Treatment-resistant Bipolar Disorder
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Q:  Treatment-resistant Bipolar Disorder


My husband has bipolar 1, and has been on zyprexa, wellbutrin, and prozac for the last three years, and this combo has worked well until now. Zyprexa is not controlling the manic phase at all. He has been taken off antidepressants, and is still continuing 20 mg of zyprexa, but its not working any longer. We had a lot of faith in zyprexa, as it always worked and fast at 20 mg ( 3 or 4 days). He is manic now and has been for 4 weeks. He has not experienced an episode like this in 4 years. The dose was raised to 25 mg for 3 days nothing, then 30 mg.for one day, then he freaked and refused to take that high of a dose again, as he claimed it made him ill. Trileptal was suggested at 600 mg a day, but due to his manic state grew angry at me and refused to take it! Four years ago he was taking Depakote for mania (and had been for about 6 yrs) and it failed to help also. I might add that every time he had a mania while on Depakote it required more of the drug to stop the mana. Is this drug tolerance? When he is first started on a drug for mania it works well for a while, a few years or more then it gets where it takes more to get a  mania under arrest. He has always been told by doctors to take a low maintinancedose when he's not having trouble. Is there such a thing as treatment resistant bipolar? What are the chances that is what is happening this time?



Dear Ms. S' -- 
Sorry to hear this story.  Unfortunately, an apparent worsening of the illness is common, with more frequent and more severe episodes over time, as shown in a
graph of the experience of one young man (fortunately they're not all like this, but your husband's is sounding quite analogous): 


 

Is this "drug tolerance"?  It seems at this point to be better understood as an evolution of the illness.  Compare the "drug tolerance" of Valium-like medications ("benzodiazepines"), which is well known:  in that case, when the medication is tapered off, the underlying condition is no worse than it was before, and when the medication is added again after several weeks, it works as well as it did the first time.   This does not appear to be the case with bipolar disorder when it is worsening -- though often that's hard to say for sure because we usually add medications, rather than taper them off and wait and try them again!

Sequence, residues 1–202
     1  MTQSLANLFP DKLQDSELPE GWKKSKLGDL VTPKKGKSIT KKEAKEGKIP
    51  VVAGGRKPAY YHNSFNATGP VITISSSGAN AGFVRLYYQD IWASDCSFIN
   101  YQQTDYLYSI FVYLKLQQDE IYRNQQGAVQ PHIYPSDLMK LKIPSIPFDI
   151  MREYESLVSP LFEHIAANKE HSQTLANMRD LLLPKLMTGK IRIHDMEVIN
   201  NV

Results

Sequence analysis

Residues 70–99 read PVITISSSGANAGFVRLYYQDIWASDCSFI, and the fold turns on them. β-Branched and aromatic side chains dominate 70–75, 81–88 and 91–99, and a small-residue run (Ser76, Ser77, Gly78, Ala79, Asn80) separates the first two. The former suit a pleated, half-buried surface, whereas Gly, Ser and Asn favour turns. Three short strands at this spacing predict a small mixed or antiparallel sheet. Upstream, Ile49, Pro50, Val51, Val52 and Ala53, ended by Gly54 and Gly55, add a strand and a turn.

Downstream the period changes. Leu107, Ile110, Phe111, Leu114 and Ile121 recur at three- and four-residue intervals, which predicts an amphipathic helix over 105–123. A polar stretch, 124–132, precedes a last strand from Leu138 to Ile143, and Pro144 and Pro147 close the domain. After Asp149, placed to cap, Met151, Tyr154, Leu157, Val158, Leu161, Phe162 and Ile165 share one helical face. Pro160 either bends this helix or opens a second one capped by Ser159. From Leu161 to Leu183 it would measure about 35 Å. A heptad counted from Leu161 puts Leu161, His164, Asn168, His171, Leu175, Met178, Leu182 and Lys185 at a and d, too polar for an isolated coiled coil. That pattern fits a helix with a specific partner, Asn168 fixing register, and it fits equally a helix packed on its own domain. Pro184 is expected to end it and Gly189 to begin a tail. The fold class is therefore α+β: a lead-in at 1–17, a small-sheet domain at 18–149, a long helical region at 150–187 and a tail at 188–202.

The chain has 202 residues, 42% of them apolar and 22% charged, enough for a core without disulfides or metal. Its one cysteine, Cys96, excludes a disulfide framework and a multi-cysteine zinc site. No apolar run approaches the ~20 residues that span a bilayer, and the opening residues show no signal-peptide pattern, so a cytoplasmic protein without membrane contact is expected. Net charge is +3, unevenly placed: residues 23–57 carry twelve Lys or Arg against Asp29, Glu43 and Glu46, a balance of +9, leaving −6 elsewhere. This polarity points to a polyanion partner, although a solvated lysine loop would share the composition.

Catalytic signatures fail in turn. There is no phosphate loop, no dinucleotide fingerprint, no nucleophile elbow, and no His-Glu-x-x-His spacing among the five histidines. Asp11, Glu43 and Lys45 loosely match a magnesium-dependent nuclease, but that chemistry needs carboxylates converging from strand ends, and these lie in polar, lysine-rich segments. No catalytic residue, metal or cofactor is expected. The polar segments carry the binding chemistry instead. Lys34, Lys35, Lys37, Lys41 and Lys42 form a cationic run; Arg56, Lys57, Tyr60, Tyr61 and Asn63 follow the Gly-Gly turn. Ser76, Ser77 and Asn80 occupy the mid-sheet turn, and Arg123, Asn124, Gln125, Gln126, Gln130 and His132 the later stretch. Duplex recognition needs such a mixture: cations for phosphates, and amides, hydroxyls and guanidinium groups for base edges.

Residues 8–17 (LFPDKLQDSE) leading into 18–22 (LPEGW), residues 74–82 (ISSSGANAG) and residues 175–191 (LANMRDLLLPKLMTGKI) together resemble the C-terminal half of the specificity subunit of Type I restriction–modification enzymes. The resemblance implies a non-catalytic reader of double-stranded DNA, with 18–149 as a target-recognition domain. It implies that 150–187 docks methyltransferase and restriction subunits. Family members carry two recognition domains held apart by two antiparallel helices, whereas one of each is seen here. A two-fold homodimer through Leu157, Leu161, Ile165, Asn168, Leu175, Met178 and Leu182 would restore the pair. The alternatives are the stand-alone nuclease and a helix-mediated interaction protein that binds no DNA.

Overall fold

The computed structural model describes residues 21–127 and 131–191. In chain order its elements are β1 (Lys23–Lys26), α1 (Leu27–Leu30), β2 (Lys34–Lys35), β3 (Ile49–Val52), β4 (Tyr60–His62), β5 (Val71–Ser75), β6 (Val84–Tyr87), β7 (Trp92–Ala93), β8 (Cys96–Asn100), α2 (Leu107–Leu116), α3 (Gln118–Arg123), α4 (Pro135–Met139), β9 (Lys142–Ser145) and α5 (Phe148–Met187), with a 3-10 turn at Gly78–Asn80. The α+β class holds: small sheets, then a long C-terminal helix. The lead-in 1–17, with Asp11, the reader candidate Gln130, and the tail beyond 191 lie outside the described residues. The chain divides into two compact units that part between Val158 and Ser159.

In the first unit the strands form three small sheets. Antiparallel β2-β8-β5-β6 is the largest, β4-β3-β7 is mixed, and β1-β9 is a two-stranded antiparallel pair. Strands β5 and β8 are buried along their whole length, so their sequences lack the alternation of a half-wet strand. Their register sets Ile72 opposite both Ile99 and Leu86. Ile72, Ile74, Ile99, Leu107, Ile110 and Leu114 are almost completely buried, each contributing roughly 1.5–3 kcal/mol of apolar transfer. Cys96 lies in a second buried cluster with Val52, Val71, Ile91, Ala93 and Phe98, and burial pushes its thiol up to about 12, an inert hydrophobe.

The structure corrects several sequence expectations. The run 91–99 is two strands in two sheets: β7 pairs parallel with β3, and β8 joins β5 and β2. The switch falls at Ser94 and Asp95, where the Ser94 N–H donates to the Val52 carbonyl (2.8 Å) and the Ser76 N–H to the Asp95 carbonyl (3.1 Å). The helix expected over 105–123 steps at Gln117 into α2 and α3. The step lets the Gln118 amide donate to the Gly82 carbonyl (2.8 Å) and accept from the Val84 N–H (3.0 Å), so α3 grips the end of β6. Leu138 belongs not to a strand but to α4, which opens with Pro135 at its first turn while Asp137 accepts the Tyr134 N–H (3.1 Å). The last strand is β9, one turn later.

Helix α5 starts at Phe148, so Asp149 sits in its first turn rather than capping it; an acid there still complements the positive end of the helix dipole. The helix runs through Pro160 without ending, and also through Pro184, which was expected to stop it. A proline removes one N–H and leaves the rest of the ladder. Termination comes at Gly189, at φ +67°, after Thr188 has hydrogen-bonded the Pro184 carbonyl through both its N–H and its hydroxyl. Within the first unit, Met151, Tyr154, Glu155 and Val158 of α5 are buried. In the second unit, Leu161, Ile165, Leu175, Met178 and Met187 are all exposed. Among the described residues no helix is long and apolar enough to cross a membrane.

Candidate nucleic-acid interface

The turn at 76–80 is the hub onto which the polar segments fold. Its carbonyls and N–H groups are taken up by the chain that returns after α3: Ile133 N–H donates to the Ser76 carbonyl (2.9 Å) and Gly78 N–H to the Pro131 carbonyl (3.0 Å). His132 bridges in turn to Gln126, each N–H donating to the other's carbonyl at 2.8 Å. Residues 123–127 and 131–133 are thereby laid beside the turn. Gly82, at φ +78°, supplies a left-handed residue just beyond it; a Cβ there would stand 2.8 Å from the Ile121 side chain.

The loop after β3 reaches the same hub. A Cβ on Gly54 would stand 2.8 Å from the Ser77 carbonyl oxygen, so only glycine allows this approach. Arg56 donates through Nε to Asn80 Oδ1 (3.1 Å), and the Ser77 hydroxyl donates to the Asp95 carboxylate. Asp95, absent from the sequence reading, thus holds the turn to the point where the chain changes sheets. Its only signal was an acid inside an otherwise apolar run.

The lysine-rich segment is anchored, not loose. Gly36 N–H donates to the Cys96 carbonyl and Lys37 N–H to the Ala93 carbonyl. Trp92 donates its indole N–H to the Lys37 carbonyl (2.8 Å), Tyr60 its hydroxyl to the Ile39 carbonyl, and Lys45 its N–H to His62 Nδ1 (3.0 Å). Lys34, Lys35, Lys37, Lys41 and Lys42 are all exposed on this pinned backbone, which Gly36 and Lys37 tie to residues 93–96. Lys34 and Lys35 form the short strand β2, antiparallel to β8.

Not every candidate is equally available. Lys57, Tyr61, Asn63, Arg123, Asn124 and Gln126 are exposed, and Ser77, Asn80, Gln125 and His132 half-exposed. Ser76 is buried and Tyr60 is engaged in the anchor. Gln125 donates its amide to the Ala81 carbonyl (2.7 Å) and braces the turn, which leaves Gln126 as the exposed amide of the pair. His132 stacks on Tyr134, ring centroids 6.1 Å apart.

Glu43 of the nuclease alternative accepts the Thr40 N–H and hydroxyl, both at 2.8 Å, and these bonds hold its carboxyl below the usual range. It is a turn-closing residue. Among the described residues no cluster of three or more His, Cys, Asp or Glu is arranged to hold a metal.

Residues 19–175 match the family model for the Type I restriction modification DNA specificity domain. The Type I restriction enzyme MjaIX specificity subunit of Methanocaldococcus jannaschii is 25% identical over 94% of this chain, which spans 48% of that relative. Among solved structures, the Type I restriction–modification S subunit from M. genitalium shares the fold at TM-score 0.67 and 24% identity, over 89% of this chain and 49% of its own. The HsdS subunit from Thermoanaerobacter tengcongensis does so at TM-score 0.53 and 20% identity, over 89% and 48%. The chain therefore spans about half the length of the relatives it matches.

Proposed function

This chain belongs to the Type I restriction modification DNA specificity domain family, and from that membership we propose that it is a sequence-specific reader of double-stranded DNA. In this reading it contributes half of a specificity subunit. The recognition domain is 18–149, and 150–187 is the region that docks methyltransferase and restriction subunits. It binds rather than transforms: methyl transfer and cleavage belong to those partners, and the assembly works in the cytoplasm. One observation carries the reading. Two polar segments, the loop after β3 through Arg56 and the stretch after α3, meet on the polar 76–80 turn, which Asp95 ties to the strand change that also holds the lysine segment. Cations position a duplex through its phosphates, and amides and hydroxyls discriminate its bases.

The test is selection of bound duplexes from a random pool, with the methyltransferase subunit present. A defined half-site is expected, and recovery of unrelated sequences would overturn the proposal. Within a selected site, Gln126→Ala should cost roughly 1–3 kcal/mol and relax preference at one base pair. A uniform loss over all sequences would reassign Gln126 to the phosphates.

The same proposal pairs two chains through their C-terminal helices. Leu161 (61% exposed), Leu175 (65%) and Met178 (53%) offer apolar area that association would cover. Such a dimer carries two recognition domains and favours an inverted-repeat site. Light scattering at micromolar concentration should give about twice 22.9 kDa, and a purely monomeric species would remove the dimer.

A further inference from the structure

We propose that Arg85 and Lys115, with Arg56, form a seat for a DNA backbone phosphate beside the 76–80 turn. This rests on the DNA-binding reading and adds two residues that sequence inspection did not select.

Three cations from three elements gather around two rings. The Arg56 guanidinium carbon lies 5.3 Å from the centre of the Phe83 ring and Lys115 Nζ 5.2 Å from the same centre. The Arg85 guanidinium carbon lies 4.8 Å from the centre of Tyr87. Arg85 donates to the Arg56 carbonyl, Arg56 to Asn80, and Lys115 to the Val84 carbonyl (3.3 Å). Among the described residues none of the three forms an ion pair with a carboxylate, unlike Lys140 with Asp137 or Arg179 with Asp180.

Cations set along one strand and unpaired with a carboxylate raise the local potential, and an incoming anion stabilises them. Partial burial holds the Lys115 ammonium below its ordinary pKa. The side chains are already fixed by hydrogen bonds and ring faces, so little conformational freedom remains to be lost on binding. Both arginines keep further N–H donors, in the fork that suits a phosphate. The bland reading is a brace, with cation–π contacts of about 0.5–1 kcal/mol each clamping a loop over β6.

Instead it looks like the worsening course is just part of the illness for some people.  One of my greatest fears is that antidepressants can actually cause this worsening, but that has not been fully established or agreed upon by other mood experts (though it is the view of the ones I most respect for seeming to know everything there is to know about the treatment angle especially, like Nassir Ghaemi and Gary Sachs).  Your husband's doctor cannot be faulted for using antidepressants, because this is routine in bipolar disorder treatment (less so in the hands of the experts I just mentioned, who have about 20% of their patients on antidepressants; versus 40% in patients of other presumed mood experts, versus 60% for the general psychiatry community  -- as reported by Dr. Ghaemi at a recent bipolar meeting).  

Is there such a thing as treatment-resistant bipolar disorder?  Oh yes, surely many of the readers of this website would regard themselves as members of such a group.  Unfortunately, there are a whole bunch of folks under that umbrella.  That's why the Harvard clinic has so many of its patients on (an average of) 4 medications at a time, or more.  That is, the usual plan in the face of "treatment resistance" is to increase the dose of, or the number of, mood stabilizers.  However, there is also general agreement that one of the first steps in the face of "treatment resistance", especially if there is rapid cycling, is to gradually withdraw any antidepressant medications.  

So, there's a lot to do in your husband's case.  Hopefully things will turn soon to allow he and his doctor to resume their efforts toward getting the cycling to stop.  I hope you are safe in the interim and that this comes soon. 

Dr. Phelp



Published September, 2003

 

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